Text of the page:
"Usually the dumbest thing you do is the most important"
Perhaps one of the greatest aphorisms I've ever heard was this surreptitious comment from visiting artist Dennis Sipiorski, during his presentation as juror for the Fairbanks Arts Association's annual 64th Parallel exhibit. As I was in the front row, I also thought my POV of gold-painted cowboy boot + ubiquitous Xtra-Tuffs summed up the cultural divide between Louisiana and Alaska quite nicely.
Via Brain Pickings: All my art friends, prospective, current and former students, and aspiring talents alike will all find something to empathize with, relate to and learn from in this excerpted keynote address by sculptor Teresita Fernández, and a list of blunt perspectives from her experience like this one:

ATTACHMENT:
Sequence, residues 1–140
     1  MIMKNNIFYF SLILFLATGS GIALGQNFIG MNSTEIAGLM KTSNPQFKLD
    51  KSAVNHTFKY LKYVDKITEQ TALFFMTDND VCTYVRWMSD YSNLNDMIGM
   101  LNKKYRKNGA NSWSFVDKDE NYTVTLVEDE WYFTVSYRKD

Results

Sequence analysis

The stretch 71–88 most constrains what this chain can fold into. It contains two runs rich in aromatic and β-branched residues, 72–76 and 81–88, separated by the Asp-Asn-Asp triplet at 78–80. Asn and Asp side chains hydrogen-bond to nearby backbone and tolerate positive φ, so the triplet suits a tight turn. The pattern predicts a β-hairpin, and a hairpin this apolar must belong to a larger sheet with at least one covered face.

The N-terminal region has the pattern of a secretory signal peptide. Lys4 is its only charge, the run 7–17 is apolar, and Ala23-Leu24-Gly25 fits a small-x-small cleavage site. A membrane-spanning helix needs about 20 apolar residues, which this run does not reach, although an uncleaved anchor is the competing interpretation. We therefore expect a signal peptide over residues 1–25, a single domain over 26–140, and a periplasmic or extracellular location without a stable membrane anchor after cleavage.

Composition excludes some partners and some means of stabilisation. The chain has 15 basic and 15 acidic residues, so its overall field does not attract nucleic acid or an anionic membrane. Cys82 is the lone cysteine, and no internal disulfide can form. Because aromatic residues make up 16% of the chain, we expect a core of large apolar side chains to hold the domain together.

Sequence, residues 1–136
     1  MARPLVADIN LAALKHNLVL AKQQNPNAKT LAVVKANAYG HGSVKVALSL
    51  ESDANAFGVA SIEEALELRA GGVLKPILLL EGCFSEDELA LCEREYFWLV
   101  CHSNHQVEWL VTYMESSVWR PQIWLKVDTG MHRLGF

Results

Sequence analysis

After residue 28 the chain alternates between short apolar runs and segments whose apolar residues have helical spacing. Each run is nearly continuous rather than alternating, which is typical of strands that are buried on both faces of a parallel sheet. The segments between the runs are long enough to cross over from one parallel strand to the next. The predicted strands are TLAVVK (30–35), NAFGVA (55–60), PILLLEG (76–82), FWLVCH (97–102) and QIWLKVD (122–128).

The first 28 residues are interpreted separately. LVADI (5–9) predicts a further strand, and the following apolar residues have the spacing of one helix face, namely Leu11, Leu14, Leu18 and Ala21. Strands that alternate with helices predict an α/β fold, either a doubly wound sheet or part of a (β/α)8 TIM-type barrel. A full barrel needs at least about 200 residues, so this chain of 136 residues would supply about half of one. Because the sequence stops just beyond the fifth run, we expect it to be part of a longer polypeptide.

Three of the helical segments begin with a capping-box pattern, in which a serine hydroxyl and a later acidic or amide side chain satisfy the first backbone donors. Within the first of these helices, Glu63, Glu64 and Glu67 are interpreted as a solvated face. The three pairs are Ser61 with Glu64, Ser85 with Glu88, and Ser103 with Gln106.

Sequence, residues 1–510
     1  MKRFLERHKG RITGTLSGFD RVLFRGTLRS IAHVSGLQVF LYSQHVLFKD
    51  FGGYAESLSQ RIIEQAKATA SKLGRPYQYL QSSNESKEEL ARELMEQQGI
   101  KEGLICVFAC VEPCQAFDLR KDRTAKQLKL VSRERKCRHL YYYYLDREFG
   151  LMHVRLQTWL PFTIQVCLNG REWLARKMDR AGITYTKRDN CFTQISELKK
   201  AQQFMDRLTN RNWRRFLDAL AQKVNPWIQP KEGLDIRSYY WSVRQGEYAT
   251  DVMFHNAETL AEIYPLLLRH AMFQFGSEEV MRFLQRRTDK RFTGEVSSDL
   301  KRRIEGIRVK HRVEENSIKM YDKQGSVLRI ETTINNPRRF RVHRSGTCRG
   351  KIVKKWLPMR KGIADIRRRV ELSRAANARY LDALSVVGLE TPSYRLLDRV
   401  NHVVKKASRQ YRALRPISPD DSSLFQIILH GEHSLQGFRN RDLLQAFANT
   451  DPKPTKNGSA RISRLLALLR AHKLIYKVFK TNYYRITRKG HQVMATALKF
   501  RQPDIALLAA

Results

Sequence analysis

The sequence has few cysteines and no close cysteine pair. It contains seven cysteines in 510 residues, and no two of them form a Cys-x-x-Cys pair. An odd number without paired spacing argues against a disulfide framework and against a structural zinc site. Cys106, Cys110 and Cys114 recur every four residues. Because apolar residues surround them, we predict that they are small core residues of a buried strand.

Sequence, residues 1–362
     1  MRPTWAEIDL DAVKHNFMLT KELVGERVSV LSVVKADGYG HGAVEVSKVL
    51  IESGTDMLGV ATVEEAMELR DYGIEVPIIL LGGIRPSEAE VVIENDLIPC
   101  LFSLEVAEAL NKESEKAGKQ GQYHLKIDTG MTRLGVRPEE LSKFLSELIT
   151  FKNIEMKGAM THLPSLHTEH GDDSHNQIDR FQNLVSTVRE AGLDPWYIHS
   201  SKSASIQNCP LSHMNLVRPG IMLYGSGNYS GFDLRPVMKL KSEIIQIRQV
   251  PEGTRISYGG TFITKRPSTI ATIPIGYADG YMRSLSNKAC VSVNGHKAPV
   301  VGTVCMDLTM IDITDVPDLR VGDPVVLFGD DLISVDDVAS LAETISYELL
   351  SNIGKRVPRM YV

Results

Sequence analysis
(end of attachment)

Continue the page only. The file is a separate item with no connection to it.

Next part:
When people say your work is good do two things. First, don’t believe them. Second, ask them, “Why”? If they can convince you of why they think your work is good, accept the compliment. If they can’t convince you (and most people can’t) dismiss it as superficial and recognize that most bad consensus is made by people simply repeating that they “like” something.Another visiting artist to our neck of the woods, Jakob Trollbäck, who was part of the excellent Alaska Design Forum's annual lecture series, had this to say when asked about his impressions of Alaska:
"So much nothing that is beautiful."